The method for manipulating the air layer with the nozzle was developed by Tuukka Verho, graduate student in Aalto University. He was able to show that the reversible switching can be done with precision in a pixel-by-pixel fashion.

“This result represents the first step in making non-wettable surfaces a platform for storing or even processing information”, says Academy professor Olli Ikkala. Until now, lotus-inspired surfaces have been mainly developed for applications like self-cleaning, anti-icing or flow drag reduction. This research is a landmark example how the Nature teaches materials scientists towards functional materials.

An article entitled “Reversible switching between superhydrophobic states on a hierarchically structured surface” is published in PNAS, Proceedings of the National Academy of Sciences of the USA, and provides more in depth information about this project.

The article on the web: http://www.pnas.org/cgi/doi/10.1073/pnas.1204328109

A print quality graphic about the research available at http://media.digtator.fi/digtator/tmp/8d60ef17018948639962b423297d31c6/preview.html (Link valid until 14 July)

Watch a video: http://www.youtube.com/watch?v=AEWPIjLbrSE
Further information/interviews:

Dr. Robin Ras
robin.ras@aalto.fi
tel. +358 9 470 23169 (EET)
Aalto University School of Science, Department of Applied Physics

Johanna Lassy | Aalto University
Further information:
http://www.aalto.fi
http://www.youtube.com/watch?v=AEWPIjLbrSE

More articles from Physics and Astronomy:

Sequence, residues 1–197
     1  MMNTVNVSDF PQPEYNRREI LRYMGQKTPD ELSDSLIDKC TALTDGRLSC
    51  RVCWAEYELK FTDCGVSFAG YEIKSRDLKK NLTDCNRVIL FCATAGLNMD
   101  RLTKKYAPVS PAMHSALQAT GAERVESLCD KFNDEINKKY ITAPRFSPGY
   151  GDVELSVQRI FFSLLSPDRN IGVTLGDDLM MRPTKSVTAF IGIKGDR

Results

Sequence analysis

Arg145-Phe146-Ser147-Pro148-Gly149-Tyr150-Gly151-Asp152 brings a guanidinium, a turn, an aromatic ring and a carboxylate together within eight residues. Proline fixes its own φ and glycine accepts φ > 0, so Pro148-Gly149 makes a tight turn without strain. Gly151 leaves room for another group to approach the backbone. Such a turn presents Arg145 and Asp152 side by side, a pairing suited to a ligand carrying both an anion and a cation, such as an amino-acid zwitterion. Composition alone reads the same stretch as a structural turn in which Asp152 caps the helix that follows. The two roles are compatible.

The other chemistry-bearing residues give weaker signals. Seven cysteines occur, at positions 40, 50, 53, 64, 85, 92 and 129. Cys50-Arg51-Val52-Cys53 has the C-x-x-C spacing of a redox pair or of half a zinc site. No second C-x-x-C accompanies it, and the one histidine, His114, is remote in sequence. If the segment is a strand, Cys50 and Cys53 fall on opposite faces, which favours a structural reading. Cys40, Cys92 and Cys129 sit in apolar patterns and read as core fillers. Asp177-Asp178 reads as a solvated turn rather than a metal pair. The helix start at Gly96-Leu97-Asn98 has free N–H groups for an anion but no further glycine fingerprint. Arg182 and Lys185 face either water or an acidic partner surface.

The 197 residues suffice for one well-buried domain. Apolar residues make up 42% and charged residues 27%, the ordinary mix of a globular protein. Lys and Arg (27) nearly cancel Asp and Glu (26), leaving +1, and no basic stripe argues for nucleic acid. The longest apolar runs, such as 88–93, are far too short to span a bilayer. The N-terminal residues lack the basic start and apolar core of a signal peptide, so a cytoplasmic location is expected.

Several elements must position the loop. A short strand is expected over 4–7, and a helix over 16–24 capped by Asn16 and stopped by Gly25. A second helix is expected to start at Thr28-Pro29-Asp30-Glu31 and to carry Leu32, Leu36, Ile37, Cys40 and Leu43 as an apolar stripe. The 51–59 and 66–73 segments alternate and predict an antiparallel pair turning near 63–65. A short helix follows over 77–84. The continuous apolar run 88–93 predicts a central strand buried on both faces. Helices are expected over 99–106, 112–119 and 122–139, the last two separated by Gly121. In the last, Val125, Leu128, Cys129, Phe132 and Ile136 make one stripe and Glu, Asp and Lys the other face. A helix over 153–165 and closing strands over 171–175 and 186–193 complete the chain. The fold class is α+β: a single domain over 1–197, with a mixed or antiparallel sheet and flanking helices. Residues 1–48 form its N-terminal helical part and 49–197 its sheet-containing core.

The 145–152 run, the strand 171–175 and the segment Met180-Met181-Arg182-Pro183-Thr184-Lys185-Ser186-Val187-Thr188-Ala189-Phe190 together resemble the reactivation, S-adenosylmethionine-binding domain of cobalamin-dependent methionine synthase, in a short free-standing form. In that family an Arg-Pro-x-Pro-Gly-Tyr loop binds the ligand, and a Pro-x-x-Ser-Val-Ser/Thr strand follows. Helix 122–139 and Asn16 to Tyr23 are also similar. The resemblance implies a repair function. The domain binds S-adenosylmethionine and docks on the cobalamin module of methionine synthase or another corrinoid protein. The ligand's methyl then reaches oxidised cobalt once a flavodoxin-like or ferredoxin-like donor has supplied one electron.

nachricht Magnetic nano-imaging on a table top
20.04.2018 | Georg-August-Universität Göttingen

nachricht New record on squeezing light to one atom: Atomic Lego guides light below one nanometer
20.04.2018 | ICFO-The Institute of Photonic Sciences

All articles from Physics and Astronomy >>>

The most recent press releases about innovation >>>

Die letzten 5 Focus-News des innovations-reports im Überblick:

Im Focus: Spider silk key to new bone-fixing composite

University of Connecticut researchers have created a biodegradable composite made of silk fibers that can be used to repair broken load-bearing bones without the complications sometimes presented by other materials.

Repairing major load-bearing bones such as those in the leg can be a long and uncomfortable process.

Im Focus: Writing and deleting magnets with lasers

Study published in the journal ACS Applied Materials & Interfaces is the outcome of an international effort that included teams from Dresden and Berlin in Germany, and the US.